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CBI Survey

CBI Survey

The latest monthly CBI Industrial Trends Survey has revealed that the manufacturing order books and export order books remained above their long run averages in the three months to February. Growth was predominantly driven by the Food, Drink and Tobacco, and Motor Vehicle and Transport Equipment sub-sectors.

The 397 manufacturers that were part of the survey anticipate that output growth will slow a little over the next three months. Also, the expectations for output inflation weakened from last month’s 34 year high, while still remaining above the historical average. Furthermore, stocks were considered to be above adequate levels, but below the long run average.

This month saw another strong showing from UK manufacturers. Although order books weren’t quite as buoyant as they were last month, demand remains strong and output grew briskly, said Anna Leach, CBI Head of Economic Intelligence. With the Brexit negotiations reaching a critical juncture, many businesses are concerned about future barriers to trade and are looking for clarity over the future relationship with the EU. Remaining in a comprehensive customs union will help alleviate some of those fears and give firms the confidence to invest and grow.

The key findings from that survey are that 30% of manufacturers reported total order books to be above normal and 20% to be below normal; 22% of firms that their export order books were above normal, while 12% said they were below normal; 39% of businesses said the volume of output over the past three months was up and 15% said it was down; 32% of manufacturers predict volumes to increase, while 16% expect a decline; 31% of companies expect the average selling prices to increase in the next three months and 6% predict a decline; and 16% of firms said their present stocks of finished goods are more than adequate, while 11% said they were less than adequate.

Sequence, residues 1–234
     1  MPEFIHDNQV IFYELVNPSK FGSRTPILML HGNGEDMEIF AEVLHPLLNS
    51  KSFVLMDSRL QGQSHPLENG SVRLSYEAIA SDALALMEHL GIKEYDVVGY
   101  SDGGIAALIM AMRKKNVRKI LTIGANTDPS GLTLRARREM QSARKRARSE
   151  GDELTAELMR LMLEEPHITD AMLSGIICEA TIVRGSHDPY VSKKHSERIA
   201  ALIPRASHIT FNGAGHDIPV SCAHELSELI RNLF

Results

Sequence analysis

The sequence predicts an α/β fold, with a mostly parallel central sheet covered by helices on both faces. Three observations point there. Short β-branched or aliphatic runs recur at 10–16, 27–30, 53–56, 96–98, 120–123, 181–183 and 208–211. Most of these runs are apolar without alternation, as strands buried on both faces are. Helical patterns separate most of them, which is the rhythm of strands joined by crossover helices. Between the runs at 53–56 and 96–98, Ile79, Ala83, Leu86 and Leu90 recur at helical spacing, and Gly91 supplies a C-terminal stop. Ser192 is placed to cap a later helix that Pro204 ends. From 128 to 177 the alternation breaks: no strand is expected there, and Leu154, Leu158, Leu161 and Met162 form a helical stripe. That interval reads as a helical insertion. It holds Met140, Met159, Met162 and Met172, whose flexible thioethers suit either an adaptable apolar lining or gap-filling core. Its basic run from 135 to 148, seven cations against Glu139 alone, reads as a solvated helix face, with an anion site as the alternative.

Tom Crotty, Group Director of Ineos and Chair of CBI Manufacturing Council gives the following advice: Manufacturers are benefitting from the health of the global marketplace. But companies still struggle to find the workers they need to grow their business. To ensure there’s a strong pipeline of people with the technical skills needed, we need young people to receive further education and careers advice built upon the needs of employers.

Manufacturing & Engineering Magazine | The Home of Manufacturing Industry News

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